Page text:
It's been a long, hard slog through the Wisconsin legislature since we started our advocacy there back in 2018. Truth be told, we may have gotten a little spoiled from passing 3 bills in 3 years (Washington, 2017; Pennsylvania, 2018; Ohio, 2019), following a years-long effort in Minnesota (2015). I’m so appreciative of the work that our CAN advocates in Wisconsin have been doing. They’ve continued making the case for state funding of SCI research with the involvement of the SCI community. I’m also grateful for the work that Rep. Jimmy Anderson has been doing to bring this effort forward.
But I also know that this work is tiring. We all grow weary of trying to impress upon legislators the importance and urgency of funding the science that seeks to ameliorate the lifelong battles with paralysis - battles most legislators know very little about.
It's an easy trap we fall into, assuming that the empathy they express for our community’s struggles will easily translate into a willingness to commit dollars. But the truth is we are just one of hundreds of meetings they have each session with passionate constituents. So, you have to dig deep to not roll away with any renewed cynicism about politics.
As you may recall, earlier this year, Rep. Jimmy Anderson was able to gain the attention of Gov. Tony Evers and get $3 million for SCI Research added to the governor’s budget for 2021-23. Unfortunately, the legislature cut all new expenditures out of that budget, including our research program. So, we’ve been working hard to find a Republican champion (majority party) to bring our Bill forward on its own.
Last week, Jason Stoffer (CAN Manager) and I traveled to the State Capitol in Madison to join our advocates there. Our goal was to press our case and seek that champion. Jake Beckstrom (CAN Manager) had scheduled over 20 meetings for us that week, but our main focus was on getting the attention of Rep. Tittl, who has constituents (Sam Oswald and Kaylin Ellioff - CAN advocates) that had made our case to him in a Zoom meeting a couple of months back. At that time, Tittl expressed an interest in co-authoring the Bill. But then we didn’t hear anything from him.
(pictured above, left-to-right: John Martinson, Jason Stoffer, Samantha Troyer)
In between meetings on Monday, John Martinson and I were sitting outside the chambers in the Capitol deciding who we might drop in on, to maximize our time. A crowd of people passed us and John noticed a familiar face. “I think that’s Rep. Tittl,” he said. We grabbed our stuff and followed the crowd into his office. We entered an outer office with a bunch of folks enjoying some donuts and announced ourselves. We were ushered into Tittl’s office along with his legislative director.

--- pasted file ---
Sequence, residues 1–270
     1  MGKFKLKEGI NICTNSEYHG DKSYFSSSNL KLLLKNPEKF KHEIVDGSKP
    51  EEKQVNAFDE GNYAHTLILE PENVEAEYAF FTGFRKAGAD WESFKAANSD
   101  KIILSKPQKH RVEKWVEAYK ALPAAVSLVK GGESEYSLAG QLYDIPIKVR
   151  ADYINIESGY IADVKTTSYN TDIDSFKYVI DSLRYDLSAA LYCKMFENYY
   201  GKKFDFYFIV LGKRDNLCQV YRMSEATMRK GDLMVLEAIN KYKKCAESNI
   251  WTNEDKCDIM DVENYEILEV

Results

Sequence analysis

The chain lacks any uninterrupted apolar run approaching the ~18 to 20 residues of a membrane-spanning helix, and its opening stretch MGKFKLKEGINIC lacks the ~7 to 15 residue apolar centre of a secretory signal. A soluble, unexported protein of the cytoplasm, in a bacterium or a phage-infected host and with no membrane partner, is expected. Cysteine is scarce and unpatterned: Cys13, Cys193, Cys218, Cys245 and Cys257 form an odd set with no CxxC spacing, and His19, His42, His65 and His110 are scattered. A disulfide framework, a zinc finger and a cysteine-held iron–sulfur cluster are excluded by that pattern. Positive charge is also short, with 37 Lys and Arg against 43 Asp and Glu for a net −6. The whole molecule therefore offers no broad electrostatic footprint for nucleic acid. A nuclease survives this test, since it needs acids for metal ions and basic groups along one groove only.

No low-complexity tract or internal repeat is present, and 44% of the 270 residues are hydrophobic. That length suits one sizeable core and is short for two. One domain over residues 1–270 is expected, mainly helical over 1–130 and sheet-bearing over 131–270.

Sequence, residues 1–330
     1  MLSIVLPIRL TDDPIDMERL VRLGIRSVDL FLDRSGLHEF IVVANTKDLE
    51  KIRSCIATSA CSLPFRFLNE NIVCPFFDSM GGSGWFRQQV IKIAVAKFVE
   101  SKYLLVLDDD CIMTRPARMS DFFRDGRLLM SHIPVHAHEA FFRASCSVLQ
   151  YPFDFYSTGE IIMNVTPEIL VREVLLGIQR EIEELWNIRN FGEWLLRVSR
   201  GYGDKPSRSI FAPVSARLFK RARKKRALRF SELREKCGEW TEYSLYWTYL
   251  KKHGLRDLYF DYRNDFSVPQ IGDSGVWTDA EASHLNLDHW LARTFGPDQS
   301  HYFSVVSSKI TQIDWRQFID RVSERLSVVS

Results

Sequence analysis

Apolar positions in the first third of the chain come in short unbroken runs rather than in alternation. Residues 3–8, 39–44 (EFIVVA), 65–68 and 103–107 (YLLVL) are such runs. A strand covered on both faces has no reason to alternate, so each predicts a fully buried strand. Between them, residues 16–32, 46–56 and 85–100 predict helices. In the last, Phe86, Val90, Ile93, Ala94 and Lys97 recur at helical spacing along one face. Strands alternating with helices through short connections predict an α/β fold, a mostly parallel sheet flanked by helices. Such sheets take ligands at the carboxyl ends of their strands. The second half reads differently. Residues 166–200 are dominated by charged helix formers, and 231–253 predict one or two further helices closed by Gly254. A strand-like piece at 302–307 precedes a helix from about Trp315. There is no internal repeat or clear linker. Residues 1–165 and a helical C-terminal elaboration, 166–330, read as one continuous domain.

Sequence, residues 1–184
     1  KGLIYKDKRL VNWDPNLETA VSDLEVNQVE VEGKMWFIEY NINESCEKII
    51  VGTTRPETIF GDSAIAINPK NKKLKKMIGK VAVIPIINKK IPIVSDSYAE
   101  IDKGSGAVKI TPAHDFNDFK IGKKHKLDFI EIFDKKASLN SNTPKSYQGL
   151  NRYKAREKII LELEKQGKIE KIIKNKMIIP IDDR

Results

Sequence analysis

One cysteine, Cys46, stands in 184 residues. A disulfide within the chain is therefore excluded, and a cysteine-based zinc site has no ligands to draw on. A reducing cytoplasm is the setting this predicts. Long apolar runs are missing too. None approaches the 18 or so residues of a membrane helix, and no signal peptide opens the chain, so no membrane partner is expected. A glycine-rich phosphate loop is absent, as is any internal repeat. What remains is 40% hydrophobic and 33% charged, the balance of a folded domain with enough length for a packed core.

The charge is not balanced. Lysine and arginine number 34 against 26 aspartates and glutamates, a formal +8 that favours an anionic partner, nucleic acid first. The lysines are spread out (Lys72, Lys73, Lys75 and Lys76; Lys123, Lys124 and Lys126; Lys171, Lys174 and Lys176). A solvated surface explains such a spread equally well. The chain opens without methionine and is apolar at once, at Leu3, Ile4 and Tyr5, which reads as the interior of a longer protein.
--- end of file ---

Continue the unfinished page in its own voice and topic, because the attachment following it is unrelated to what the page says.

To our surprise, Rep. Tittl handed us a draft copy of the Bill and said he is going to introduce it this session. “I think we can get this done,” he said. He filled us in on his strategy to find supporters in both the Senate and Assembly. This gave us the foot in the door we needed in the nearly 30 subsequent legislators we met with. Having Tittl behind us meant we had majority party support, and opened the ears of lots of legislators.
Now we can see a strong possibility of getting this Bill passed. And in case you were wondering, the structure of the Bill hasn’t changed. It would appropriate $3 million to fund SCI research in Wisconsin, seeking to restore functions for people living with paralysis from Spinal Cord Injury or Disease through biologic, pharmacologic, medical device and rehabilitative methodologies. It would also establish an advisory board made up of scientists, clinicians and members of the SCI community (individuals with SCI, SCI family members and veterans with SCI).
Please contact Rep. Paul Tittl today (608 -266-0315 | Rep.Tittl@legis.wisconsin.gov), thanking him for taking up our cause! Let him know how important this is to you personally. You could say something like this:
I'm calling/writing to thank you for drafting the SCI Research Bill we've been advocating for! I (have an SCI, am family/friend of someone with SCI) and believe this legislation could speed the discovery of meaningful curative therapies for myself/them. We are ready to support your office in getting this important legislation passed - thanks again!
The wheels turn slowly, but sometimes patience and persistence are rewarded. Please help us keep our foot in the door, so we can swing it wide open and pass this much need Bill.